Page:Popular Science Monthly Volume 45.djvu/417

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our progress within recent years, the numerous discoveries and inventions for shortening time and space, increasing production, combating disease, etc., seem almost to indicate that we are scarcely more than upon the very threshold of civilization. To quote a short sentence from Tylor, "The unconscious evolution of society is giving place to its conscious development, and the reformer's path of the future must be laid out on deliberate calculation from the track of the past."[1] If this be our understanding of scientific history, then we accept the conception of history with which we started that is, we agree that "history is the self-conscious development of society."


WHEREVER the investigating minds of scientists are at work promoting the insight of man into the mysteries of Nature, wherever friends of natural philosophy are keenly alive to the importance of this comparatively new field of study, a field in which lie some of the most essential interests of modern civilization, there will be sincere and deep regret over the death of a young professor whose splendid career came to an untimely end on the first day of this year. Prof. Heinrich Hertz, of the University of Bonn, in Germany, died on January 1, 1894, not yet thirty-seven years of age. For the last two years he had not been in good health, and, though under the treatment of his capable physicians he several times rallied and seemed to be restored to his former strength, the last winter brought a serious relapse. A chronic and painful disease of the nose spread to the neighboring Highmore's cavity and gradually led to blood-poisoning. He was conscious and in possession of his full mental power to the last; he must have been aware that recovery was hopeless, but not a word escaped his lips that would have shown to his dear ones whether hope or fear filled his heart. His wife and his mother were at his bedside for many weeks, giving him their tenderest care, and, in spite of his continuous sufferings, there were many hours of genial discourse. At such times they read to him, and he gave himself up to general topics and to matters of personal interest to them, displaying even yet his wonted brightness and cheerfulness.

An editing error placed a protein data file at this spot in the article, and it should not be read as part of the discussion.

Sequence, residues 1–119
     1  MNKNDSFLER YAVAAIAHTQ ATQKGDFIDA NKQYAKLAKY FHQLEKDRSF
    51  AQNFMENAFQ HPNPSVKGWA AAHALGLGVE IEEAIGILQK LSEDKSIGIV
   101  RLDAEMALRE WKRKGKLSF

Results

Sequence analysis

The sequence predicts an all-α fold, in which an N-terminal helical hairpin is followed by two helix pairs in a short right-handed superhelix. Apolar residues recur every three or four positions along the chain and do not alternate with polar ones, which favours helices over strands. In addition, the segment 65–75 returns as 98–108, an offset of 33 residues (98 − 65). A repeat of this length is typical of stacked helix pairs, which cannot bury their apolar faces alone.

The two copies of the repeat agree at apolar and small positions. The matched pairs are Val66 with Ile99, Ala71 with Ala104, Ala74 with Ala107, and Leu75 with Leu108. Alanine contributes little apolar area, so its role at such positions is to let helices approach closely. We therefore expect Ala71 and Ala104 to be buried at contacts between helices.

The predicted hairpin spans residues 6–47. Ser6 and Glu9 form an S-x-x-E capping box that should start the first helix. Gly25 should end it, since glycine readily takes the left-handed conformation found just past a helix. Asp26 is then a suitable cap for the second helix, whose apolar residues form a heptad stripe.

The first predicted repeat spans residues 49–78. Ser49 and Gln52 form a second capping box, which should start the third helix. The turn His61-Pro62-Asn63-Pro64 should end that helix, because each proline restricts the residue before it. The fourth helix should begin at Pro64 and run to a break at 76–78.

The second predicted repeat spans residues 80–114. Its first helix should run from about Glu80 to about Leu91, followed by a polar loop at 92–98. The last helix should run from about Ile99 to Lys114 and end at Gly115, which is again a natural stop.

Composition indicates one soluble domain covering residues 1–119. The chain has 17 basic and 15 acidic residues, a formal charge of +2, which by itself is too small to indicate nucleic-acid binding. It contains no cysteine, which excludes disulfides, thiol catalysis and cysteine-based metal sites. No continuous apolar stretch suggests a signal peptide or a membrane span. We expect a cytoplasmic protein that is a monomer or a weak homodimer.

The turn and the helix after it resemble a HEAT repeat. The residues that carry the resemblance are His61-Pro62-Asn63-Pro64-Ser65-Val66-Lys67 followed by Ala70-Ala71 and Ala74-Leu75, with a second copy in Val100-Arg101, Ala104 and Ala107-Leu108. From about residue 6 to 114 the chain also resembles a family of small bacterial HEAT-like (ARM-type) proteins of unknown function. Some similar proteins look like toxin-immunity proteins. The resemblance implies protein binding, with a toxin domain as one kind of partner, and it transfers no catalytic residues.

Heinrich Hertz, born in Hamburg on February 22, 1857, as the eldest son of exceptionally good and clever parents. His

  1. Contemporary Review (article on Primitive Society), vol. xxii, p. 72.